Notre Dame coach Brian Kelly? Make him be gone. Oklahoma State offensive coordinator Todd Monken? Axed. That youth soccer coach who once told your daughter she’s not the next Mia Hamm? Waaaaay back — gone!
That way, nobody will have to hear a harsh or negative word ever again.
Shawn Abel, a high school football coach in Collierville, Tenn., is the latest coach to face criticism for reading his team the riot act. In a recording that has gone viral, Abel attempts to set a new standard for four-letter words spouted in a tirade.
Abel reportedly resigned as Collierville coach after the school placed him on paid administrative leave. Evidently, it’s not OK to use bad words while teaching kids to knock out the teeth of guys on the other team.
When the firey John Chaney was the basketball coach at Temple University, assistant coach Dan Leibovitz counseled players to ignore the adult language Chaney berated them with and instead focus on the content of what Chaney was saying. Somewhere amid the F-bombs was useful advice, Leibovitz noted, from the coach who retired with 741 career wins.
High school coaches face a more stringent set of rules, of course, because the kids are younger and coaching is not, in almost all cases, their primary employment. Players choose their colleges, and if they don’t like it, they can transfer; most high school players don’t have their choice of schools, and if enough of them are unhappy, their tax- or tuition-paying parents can make sure the coach is the one to go.
More and more often, though, it now seems like parents are employing the nuclear option of pulling their kids out of schools and enrolling them elsewhere if they don’t feel their babies’ athletic needs are being met.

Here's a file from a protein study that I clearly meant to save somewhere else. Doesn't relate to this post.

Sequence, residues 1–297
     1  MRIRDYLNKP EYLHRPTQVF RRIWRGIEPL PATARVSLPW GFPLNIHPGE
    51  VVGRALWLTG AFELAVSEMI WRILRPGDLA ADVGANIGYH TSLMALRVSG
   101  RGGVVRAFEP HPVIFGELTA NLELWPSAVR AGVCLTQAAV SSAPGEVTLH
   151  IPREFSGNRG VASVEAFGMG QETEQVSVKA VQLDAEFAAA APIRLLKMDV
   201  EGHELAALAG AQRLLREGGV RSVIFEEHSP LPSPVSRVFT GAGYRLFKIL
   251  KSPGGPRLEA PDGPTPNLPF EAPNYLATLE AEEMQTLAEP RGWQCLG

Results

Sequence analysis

Using the Leibovitz Method to analyze the outburst, that’s exactly what Abel is getting at.
“You want to do your own thing,” Abel is saying. “That’s been our problem all year. It isn’t age. It isn’t injury. It isn’t the officials. It’s individuality.
“That’s why half of you leave after eighth grade. That’s why you go somewhere else. ‘Because I don’t get mine.’ That’s exactly what it is, and that’s why we’re where we are right now.”
Minus a few exclamation points and curse words, that’s the crux of Abel’s speech, word for word. Is it expressed in a manner unbecoming of an Advanced Placement pre-calculus teacher? Sure. But there are no physical threats, no racial epithets, no personal insults of something the players can’t control (all of which would justify a dismissal or suspension, by the way).
In a moment that is all too rare in high school sports, a coach stopped talking merely about tackling and blocking and told his players that running away from a situation that doesn’t personally work out for them is a poor way to start their adult lives. It’s an important message, but thanks to his limited yet colorful vocabulary, Abel’s not the coach anymore.
So, who’s next?
Thumbnail photo via The Commercial Appeal